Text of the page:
October 16, 2015 (Limited)
Rated PG-13 for thematic material and brief strong language
In 1961, social psychologist Stanley Milgram conducted the "obedience experiments" at Yale University. The experiments observed the responses of ordinary people asked to send harmful electrical shocks to a stranger. Despite pleadings from the person they were shocking, 65 percent of subjects obeyed commands from a lab-coated authority figure to deliver potentially fatal currents. With Adolf Eichmann’s trial airing in living rooms across America, Milgram’s Kafkaesque results hit a nerve, and he was accused of...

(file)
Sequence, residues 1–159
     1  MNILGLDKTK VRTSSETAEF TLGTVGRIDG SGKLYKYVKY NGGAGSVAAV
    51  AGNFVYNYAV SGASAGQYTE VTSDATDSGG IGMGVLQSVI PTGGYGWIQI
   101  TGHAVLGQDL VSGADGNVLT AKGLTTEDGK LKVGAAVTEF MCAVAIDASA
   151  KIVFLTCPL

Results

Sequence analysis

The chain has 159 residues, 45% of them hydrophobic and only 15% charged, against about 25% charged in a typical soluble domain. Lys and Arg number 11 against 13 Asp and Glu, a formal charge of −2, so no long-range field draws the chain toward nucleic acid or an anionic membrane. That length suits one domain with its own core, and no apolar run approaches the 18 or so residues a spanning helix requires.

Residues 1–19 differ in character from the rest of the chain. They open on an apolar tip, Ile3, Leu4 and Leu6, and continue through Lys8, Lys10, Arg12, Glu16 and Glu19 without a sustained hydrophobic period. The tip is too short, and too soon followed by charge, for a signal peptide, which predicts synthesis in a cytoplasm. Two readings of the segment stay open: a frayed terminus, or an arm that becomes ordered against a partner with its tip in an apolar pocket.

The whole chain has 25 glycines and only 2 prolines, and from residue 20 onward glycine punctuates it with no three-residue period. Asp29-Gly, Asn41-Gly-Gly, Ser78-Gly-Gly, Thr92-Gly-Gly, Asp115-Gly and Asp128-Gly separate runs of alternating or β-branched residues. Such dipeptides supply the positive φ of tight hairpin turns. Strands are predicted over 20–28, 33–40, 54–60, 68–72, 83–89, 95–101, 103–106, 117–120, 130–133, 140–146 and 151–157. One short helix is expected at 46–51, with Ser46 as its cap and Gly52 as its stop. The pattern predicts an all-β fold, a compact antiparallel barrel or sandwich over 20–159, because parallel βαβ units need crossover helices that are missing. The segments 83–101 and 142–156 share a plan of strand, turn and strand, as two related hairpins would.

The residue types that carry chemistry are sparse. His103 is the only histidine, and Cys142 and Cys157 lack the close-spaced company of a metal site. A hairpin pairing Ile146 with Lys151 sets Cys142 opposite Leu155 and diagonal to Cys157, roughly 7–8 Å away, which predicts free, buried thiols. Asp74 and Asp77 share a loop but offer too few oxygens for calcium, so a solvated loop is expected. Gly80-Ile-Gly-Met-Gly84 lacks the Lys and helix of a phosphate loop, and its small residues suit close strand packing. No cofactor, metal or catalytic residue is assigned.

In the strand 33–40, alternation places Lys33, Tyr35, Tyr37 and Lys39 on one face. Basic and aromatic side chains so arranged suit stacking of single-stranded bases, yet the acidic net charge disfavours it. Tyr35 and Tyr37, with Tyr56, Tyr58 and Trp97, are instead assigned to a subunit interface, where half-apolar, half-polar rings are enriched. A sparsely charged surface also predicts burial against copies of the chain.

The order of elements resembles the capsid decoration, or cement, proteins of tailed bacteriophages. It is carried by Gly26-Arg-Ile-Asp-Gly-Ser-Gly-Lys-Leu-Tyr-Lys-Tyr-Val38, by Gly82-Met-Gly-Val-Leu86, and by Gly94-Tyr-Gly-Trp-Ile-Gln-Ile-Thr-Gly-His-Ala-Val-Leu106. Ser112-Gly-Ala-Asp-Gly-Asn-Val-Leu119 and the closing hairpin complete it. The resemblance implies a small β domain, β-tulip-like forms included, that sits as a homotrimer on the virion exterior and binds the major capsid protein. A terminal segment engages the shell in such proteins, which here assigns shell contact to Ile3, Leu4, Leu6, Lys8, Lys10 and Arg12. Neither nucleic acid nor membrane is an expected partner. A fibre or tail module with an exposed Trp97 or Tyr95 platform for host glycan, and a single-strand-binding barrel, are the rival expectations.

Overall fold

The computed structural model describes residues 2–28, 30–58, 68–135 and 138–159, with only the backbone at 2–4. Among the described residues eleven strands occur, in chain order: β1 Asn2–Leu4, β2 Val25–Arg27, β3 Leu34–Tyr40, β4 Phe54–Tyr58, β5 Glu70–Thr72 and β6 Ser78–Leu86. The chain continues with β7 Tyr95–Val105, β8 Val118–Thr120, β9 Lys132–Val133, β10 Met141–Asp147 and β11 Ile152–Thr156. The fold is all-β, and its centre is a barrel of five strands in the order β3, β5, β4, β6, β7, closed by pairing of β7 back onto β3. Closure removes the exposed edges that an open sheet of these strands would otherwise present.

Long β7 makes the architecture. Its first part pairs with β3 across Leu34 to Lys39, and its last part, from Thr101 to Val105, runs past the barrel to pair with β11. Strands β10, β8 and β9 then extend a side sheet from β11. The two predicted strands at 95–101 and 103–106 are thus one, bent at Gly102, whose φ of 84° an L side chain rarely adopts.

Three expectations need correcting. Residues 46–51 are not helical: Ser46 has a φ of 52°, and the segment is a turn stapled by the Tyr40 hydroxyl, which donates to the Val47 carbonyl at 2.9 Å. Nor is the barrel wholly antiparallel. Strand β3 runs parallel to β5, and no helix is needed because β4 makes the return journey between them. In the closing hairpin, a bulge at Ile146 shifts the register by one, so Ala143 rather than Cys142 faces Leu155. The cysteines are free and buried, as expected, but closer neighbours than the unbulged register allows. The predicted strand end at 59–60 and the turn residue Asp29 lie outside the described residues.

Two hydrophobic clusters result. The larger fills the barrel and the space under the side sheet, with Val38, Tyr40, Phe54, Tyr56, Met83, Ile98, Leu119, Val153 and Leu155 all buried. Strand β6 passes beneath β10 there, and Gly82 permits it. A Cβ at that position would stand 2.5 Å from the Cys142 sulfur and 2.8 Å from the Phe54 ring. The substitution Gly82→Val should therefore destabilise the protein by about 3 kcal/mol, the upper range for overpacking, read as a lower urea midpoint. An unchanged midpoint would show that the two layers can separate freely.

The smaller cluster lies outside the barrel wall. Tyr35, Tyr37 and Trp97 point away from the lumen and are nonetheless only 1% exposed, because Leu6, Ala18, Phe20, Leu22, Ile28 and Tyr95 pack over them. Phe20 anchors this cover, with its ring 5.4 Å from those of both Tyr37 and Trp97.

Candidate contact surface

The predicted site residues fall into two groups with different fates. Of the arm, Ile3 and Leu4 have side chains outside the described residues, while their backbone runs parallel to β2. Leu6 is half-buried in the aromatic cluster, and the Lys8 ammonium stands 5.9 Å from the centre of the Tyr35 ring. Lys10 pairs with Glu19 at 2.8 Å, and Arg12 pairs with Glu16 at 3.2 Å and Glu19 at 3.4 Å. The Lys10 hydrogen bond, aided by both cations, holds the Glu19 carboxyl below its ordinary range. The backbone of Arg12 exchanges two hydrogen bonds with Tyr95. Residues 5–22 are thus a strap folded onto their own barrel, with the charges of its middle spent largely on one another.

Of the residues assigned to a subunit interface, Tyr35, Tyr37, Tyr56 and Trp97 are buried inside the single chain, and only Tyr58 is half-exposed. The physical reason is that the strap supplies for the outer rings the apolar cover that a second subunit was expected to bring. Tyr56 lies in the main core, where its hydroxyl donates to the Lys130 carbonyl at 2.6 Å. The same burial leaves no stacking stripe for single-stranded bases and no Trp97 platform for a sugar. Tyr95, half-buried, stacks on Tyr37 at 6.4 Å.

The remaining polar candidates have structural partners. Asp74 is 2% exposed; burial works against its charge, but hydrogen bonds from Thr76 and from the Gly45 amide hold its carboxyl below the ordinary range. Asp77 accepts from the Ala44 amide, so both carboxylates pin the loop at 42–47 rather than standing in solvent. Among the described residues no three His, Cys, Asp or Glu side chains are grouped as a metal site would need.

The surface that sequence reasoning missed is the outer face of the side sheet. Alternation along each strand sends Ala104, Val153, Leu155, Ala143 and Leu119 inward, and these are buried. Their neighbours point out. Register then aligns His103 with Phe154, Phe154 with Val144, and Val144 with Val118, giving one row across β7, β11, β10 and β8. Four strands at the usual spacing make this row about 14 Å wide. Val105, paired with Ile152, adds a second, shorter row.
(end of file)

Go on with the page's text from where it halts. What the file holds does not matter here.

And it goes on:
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If you’ve ever taken a psychology class, you’ve likely heard of the famous experiment conducted by Stanley Milgram: he put two individuals in separate rooms, and told one (the teacher) to ask the other (the learner) a series of multiple choice questions. If the learner got the answer wrong, the teacher was to apply a shock of electricity that increased with each incorrect response. What the teacher didn’t know was that he/she was not actually electrocuting anyone--the learner was in fact in on the experiment.
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